A programming language is a tool. A programmer uses it to express a solution to a problem and in a perfect world each problem (or solution) domain has a fitting programming language that allows the programmer to state the solution in an efficient way. For a programmer, efficiency is very important; it will allow him to focus on the problem and its solution. Less efficient languages force the programmer to spend time on trivial matters or on problems that are introduced by the programming language itself.
Modern languages such as C# and Java are constantly evolving. In its 10 years and four (nearly five) versions, C# is a perfect example of a language that has been extended by its designers to accommodate the programmers that use it and make their work easier by providing new language constructs that remove the need for programmers to repeat themselves or spending too much time on language and platform problems.
When designing a new language (as with any system) we need to take a look at the programmers who will use it. Thinking about this set me on track of a new language.
Although we frown upon it and would never admit to do it ourselves, a very common practice among programmers is Googling, Binging or StackOverflowing for code. There are many arguments against this and I am sure you can think of many more than can I list here. In the courses I teach I try to teach the students to think for themselves but it can’t be denied that programmers gravitate to cloud-copied-code more and more. In their defense: Why spend hours on figuring out the problem and its solution while all the time the solution is right there, just a few clicks away?
The main issues I see with cloud-copied-code are:
- Unknown quality – A lot of code in the cloud is without unit tests, reviews or maintenance.
- Unknown ownership – A lot of code from the cloud is copied without understanding it. Once copied, the code is on its own.
- Unknown context – The code that is copied is copied out of its context into a different context. If the two contexts are not compatible, the code will not solve the problem and might introduce new problems.
Instead of trying to keep programmers from copying cloud code we might help them to cope with these issues by providing a new language. And as with any language I’ll first show you an HelloWorld program:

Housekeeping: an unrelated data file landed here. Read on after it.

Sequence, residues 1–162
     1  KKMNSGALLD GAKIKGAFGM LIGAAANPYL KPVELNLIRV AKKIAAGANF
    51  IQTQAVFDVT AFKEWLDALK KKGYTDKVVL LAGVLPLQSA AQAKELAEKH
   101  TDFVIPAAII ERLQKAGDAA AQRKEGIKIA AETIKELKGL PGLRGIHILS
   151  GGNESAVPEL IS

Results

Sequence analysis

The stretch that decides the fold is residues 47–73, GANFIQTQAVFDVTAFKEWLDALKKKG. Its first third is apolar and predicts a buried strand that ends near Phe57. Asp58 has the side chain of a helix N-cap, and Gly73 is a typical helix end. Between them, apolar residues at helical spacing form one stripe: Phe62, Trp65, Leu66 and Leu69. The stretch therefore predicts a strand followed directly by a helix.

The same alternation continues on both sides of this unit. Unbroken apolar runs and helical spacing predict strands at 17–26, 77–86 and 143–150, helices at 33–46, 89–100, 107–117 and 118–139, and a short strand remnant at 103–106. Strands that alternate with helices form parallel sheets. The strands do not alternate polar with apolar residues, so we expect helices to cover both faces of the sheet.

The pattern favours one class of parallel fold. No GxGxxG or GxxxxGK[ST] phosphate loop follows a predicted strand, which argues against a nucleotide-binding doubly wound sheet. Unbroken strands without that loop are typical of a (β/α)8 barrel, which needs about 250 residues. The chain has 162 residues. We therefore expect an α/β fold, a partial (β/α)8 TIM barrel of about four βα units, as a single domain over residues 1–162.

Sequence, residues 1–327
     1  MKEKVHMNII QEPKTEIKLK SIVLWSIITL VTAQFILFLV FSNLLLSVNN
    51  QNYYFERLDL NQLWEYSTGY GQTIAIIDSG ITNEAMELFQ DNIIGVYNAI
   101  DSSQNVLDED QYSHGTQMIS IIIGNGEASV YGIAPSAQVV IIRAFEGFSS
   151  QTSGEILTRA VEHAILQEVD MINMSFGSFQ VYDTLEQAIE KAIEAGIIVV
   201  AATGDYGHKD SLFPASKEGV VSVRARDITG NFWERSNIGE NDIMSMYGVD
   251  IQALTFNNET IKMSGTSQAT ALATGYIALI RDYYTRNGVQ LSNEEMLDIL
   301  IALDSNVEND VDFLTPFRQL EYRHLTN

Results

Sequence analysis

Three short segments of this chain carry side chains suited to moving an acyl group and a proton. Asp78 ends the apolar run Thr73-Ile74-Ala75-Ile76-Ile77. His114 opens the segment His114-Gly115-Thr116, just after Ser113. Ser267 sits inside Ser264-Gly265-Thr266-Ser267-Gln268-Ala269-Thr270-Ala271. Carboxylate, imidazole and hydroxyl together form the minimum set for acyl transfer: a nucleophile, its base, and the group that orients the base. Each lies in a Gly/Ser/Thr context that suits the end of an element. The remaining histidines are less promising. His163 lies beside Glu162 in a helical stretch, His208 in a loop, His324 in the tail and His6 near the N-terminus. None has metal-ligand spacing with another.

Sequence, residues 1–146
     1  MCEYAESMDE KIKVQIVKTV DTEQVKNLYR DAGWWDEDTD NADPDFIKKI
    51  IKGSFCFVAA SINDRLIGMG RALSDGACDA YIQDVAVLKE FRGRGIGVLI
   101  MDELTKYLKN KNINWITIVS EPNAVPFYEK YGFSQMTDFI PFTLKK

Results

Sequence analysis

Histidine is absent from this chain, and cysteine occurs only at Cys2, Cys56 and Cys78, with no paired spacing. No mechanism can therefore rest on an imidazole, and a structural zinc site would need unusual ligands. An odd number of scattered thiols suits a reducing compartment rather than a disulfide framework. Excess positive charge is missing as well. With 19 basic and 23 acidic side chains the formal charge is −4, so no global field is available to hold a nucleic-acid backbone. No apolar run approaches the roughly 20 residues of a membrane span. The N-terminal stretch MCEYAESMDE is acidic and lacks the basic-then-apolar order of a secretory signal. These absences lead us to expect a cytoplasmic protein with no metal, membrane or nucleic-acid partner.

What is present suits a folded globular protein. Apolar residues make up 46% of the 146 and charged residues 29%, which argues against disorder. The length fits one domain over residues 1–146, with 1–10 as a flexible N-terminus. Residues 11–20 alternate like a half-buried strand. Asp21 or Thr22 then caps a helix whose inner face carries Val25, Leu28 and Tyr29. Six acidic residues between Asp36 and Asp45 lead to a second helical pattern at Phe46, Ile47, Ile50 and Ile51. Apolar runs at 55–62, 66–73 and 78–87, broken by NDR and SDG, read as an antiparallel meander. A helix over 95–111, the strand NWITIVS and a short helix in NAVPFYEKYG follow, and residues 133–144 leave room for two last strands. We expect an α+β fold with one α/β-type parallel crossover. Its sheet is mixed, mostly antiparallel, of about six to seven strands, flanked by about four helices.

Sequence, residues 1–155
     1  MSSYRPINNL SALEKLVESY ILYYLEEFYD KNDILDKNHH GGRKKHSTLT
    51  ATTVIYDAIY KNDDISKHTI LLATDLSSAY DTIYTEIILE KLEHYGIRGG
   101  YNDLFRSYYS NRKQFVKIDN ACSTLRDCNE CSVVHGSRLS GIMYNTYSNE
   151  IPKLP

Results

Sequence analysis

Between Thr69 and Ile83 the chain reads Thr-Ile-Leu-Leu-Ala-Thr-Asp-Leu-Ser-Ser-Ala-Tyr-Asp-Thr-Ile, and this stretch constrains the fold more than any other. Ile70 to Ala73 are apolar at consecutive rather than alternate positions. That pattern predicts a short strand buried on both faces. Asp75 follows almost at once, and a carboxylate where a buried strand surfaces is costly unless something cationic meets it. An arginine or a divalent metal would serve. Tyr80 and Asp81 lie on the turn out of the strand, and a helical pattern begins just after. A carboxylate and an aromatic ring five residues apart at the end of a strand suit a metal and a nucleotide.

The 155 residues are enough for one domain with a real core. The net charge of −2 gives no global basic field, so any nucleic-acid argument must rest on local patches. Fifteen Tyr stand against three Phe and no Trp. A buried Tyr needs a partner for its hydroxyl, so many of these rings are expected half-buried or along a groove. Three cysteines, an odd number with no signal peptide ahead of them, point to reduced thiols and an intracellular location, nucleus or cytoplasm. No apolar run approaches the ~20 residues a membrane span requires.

This is a very basic construction but shows the general idea: the code does not leave the cloud, instead we refer to it. This solves the ownership issue. The owners of the site (or even contributors to the site) are still able to update the code and as soon as the programmer recompiles he uses a potentially updated version. Of course extra attributes can be added to the Fragment element to pinpoint specific lines in the page and to make that even better websites could adopt special markers in code that can be referred to in the Fragment element.
To solve the quality issues, we could refer to unit tests in a similar way:
Again websites could adopt special markers that point to unit tests.
The context issue can be solved by having sites with code annotate the code with comments that explain the context of the code. The programmer links to the context description and automatically sees the description in his code. As soon as the code is updated, contributors modify the description and all the programmer has to do is check whether or not the description still fits the purpose of the program.
As you can see I have placed the Fragment elements in C# pre-compiler directives. This allows the programmer to write code that glues the fragments (this glue could be shared on the web too).
The name of this language: C3 (cloud-copied-code) pronounced: Tricarbon
EDIT (in response to the questions Koos addressed in his comment)
Functional breaks in code updates will cause unit tests to fail. Perhaps not the unit test for that part but other tests will fail. This will notify the programmer of breaking changes.
Trusted providers could be registered and code snippets could be signed but I’d prefer to add system that shows the appreciation of the other programmers that use the snippet (comparable to voting for answers on Stack Overflow) which might give a better indication of quality.
All in all it isn’t that different from writing (or rather copying) all code locally.